Yet the film’s most spiritually transcendent and powerful moment comes a bit earlier, and it’s the one sequence in which we somewhat glean “what it’s really all about” in the abstract. Marianne, the woman from the plane, enters John’s room with a 7″ record smuggled over from the States; it’s a new Little Richard — credited, in fact, to the Upsetters, a bouncing and gleeful cover of Fats Domino’s “I’m in Love Again.” John recalls (accurately) opening for Richard the previous year and also (inaccurately) describes how the first-generation rocker would only really speak to Brian, a not-so-covert reference to their shared sexuality. (In point of fact, it was Ringo Starr, then new to the band, with whom the notoriously promiscuous Richard was sexually intrigued, but he was convivial with all of them and later praised them to the skies as a white band with a “Negro sound,” the rare unambiguously positive interaction they had with one of their influences: Elvis met them in a stiff and awkward state afflicted by mutual suspicion, Gene Vincent terrified them with his penchant for weaponry and joyriding, and Carole King was such a hero to John that he, fully starstruck, stiffened up and was unable to speak when they met.) Suddenly the teenager excited and obsessive over rock & roll comes roaring back; just like when he and Paul would haunt the NEMS record store for the latest sounds, he takes the 45 to the turntable and begins widely grinning as soon as the intro starts — then he and Marianne, alone in this room, share a silent and joyous dance, an expression of every buried feeling of oblivious ecstasy that rock & roll can bring out, a reminder of what — at bottom — the mission of the Beatles and every other great pop musician was destined to be: to express the inexpressible, the things that fill the space between people in these rooms.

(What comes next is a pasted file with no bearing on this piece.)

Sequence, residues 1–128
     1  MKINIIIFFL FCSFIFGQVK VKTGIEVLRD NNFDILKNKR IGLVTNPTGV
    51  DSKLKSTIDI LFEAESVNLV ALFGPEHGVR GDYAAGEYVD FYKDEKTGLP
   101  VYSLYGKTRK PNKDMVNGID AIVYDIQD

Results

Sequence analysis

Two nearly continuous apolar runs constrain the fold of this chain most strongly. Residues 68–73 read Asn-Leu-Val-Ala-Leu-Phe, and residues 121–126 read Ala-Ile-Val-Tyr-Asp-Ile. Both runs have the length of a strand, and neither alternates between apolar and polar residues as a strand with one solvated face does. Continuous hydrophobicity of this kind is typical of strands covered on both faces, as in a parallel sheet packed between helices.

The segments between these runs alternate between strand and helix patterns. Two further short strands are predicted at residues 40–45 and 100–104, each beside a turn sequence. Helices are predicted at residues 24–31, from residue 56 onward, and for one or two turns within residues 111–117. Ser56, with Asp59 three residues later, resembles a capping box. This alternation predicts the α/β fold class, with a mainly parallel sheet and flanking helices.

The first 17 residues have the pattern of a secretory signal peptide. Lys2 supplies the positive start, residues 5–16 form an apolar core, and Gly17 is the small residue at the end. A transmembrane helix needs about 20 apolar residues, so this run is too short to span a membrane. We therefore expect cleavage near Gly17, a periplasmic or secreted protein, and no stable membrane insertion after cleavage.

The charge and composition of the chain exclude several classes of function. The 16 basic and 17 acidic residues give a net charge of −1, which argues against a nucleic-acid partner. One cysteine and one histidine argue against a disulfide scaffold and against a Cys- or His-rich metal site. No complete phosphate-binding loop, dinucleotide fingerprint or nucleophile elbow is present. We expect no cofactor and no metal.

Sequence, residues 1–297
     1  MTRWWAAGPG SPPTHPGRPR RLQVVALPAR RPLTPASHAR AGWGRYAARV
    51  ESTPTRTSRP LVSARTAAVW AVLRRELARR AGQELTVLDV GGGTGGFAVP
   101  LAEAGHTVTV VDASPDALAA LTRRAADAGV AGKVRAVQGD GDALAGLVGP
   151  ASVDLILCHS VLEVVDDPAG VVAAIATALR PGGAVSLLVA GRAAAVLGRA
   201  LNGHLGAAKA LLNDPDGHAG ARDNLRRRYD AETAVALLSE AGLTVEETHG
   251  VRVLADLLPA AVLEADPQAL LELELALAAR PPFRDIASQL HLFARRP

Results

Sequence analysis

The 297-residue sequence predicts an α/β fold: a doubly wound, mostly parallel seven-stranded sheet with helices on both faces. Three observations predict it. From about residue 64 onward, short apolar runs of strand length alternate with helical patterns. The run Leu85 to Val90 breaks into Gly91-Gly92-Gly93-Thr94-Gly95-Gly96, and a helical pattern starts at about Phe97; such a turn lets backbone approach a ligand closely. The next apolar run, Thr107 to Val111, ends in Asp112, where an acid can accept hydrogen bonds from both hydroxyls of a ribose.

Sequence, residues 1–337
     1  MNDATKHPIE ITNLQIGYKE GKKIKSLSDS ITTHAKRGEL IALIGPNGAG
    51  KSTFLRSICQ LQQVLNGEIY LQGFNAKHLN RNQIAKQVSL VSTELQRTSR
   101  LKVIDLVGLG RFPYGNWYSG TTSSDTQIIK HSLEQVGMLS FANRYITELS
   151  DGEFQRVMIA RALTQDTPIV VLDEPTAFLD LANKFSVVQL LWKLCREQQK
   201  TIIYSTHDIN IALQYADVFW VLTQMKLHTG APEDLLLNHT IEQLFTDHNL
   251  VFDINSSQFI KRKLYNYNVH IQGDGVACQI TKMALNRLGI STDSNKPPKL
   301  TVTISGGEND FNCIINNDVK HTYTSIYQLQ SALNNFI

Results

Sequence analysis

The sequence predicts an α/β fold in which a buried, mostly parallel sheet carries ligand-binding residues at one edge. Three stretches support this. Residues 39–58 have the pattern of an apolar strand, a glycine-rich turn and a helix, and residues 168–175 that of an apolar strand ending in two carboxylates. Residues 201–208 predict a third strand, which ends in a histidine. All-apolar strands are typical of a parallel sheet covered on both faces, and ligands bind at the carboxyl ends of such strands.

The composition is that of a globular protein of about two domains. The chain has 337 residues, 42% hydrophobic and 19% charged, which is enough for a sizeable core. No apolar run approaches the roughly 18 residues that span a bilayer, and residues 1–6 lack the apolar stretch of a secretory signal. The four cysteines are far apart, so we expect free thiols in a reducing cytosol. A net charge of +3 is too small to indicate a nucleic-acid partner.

The Hours and Times is a compelling drama in and of itself, but it’s also a profound piece of reactive art to the Beatles and their following because it takes seriously their importance as a cultural phenomenon and suggests that theirs is such a large story that this miniscule slice of it can tell us something about ourselves. Perhaps that would be the endless hours of wonder we might engage in about whether most of us in the world could maintain our mental health upon receiving that level of international adoration so suddenly, at such a young age, before even having the time to process the loss of one parent and abandonment of another; perhaps it is through the narrative it brings us of the injustice, shame and secrecy of being gay in England in those times, or the continued microaggressions or worse one might still face virtually anywhere if one isn’t straight. To graft the universal feelings explored by these characters upon such a famous and well-trodden story is a strong suggestion of the love and devotion that story has inspired; a tale like the Beatles’ could provoke an infinite number of such speculative pieces of small drama. But Münch brings us his particular interpretation with such impeccable judgment, subtlety and tough-minded honesty despite the complete lack of real means at his disposal, that it’s difficult to imagine anyone bettering his remarkable achievement in this hauntingly minimalist film.